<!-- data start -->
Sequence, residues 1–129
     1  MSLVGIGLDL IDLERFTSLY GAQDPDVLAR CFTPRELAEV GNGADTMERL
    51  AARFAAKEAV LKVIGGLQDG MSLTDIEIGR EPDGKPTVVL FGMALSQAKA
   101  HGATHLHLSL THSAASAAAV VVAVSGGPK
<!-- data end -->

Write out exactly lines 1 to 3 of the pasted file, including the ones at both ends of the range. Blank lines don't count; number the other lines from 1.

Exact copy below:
Sequence, residues 1–129
     1  MSLVGIGLDL IDLERFTSLY GAQDPDVLAR CFTPRELAEV GNGADTMERL
    51  AARFAAKEAV LKVIGGLQDG MSLTDIEIGR EPDGKPTVVL FGMALSQAKA